Two key innovations feed into and set the scene for this article on digital currency options for an independent Scotland:
In short they both define a common, shared infrastructure that would facilitate a number of digital services used across Scotland’s digital economy, with the overlap being digital money – The Blockchain facilitates currencies like Bitcoin et al, what could be one of the methods utilized by the payments service.
The Common Weal offer a report that sets the overall national transformation such a platform could provide, in their report the Case for a Scottish Payments System.
Very importantly the report articulates a ‘target architecture’, an end goal for transformation efforts that realize significant benefits and cost savings for Scotland, achievable through replacing the commercial banks and credit card processors with a non-profit entity, meaning those vast profits are reinvested back into the social needs of the country.
A Scottish Digital Currency
To the point of this article it would also mean that:
“payment infrastructure was already in place in the event of a vote for independence. As the Scottish government would already have control of payments in the digital economy the switch-over from Sterling to a Scottish currency would be easier as the technology would be under the Scottish government’s control to allow this to happen.”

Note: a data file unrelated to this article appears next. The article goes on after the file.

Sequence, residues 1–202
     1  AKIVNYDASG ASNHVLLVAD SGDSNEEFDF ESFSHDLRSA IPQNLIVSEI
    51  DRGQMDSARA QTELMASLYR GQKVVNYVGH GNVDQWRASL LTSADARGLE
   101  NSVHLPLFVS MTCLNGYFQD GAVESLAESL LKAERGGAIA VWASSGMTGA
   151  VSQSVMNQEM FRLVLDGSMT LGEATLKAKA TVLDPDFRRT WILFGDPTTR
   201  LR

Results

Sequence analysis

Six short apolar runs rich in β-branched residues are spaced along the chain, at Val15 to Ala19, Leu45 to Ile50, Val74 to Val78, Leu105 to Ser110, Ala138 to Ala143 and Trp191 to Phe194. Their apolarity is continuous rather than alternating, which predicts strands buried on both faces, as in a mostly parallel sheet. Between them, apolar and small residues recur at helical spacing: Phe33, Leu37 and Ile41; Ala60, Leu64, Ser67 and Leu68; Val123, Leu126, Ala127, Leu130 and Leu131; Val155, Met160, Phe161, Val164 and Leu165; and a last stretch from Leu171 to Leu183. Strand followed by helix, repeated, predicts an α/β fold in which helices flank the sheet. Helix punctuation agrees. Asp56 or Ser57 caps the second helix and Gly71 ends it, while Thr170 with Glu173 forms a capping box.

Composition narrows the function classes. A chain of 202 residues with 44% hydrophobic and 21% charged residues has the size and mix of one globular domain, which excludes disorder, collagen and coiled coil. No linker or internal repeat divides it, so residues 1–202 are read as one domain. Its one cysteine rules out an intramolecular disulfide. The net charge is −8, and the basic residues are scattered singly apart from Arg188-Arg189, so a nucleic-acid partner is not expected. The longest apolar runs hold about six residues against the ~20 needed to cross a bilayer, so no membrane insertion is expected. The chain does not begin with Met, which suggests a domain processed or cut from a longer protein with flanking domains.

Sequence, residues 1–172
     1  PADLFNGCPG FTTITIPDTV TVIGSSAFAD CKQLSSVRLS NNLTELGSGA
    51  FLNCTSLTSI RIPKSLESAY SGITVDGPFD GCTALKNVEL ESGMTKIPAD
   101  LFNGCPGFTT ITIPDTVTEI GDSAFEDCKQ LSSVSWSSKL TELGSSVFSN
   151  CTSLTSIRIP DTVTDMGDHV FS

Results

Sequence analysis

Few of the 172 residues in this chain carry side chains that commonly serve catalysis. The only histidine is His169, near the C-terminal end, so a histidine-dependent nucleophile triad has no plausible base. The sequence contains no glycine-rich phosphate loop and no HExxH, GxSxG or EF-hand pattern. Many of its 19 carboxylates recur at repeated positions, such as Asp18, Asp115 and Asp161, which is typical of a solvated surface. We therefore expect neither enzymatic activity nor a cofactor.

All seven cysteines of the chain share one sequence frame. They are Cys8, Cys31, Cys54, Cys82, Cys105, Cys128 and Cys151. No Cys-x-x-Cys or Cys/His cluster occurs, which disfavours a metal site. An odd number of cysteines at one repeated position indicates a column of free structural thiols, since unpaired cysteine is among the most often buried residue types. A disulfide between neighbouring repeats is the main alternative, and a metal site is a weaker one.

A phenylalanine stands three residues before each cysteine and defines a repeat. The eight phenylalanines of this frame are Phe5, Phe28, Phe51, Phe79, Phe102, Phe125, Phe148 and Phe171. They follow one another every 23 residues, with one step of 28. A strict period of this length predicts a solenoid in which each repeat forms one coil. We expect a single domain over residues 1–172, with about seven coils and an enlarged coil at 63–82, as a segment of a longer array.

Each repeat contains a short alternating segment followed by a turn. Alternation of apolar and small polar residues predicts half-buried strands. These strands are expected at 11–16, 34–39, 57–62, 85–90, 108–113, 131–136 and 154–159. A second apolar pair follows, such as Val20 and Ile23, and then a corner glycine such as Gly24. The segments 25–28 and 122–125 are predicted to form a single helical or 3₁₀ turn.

In his video blog Alastair Caithness, CEO of Ziyen Energy, a technology-driven company focused on the tokenization of energy infrastructure assets, explores this scenario.
He starts by highlighting how George Osborne had said the Scottish electorate would be unable to use the Pound and thus Scotland would have no currency at all, scaring many voters. Alastair disputes this, saying any one can choose to use any other currency, highlighting examples like Panama using the US Dollar.
From 3:20 he moves on to describing how since the 2014 vote the use of digital currencies has exploded, and it explains key concepts like ‘stablecoins‘ that could underpin a national scheme. He proposes Scotland could launch their own digital currency, the ‘ScotCoin’ (a project that already exists) and could be paid via this method for their key exports like water and energy, citing countries already doing this like Saudi Arabia.
This article only scratches the surface of the myriad of use cases that a common Blockchain platform could enable, a multitude of others are possible, but even with only those describing a wholesale transformation of Scotland’s democracy and government service delivery infrastructure, it is clear just how breathtakingly wide and deep this transformation could be.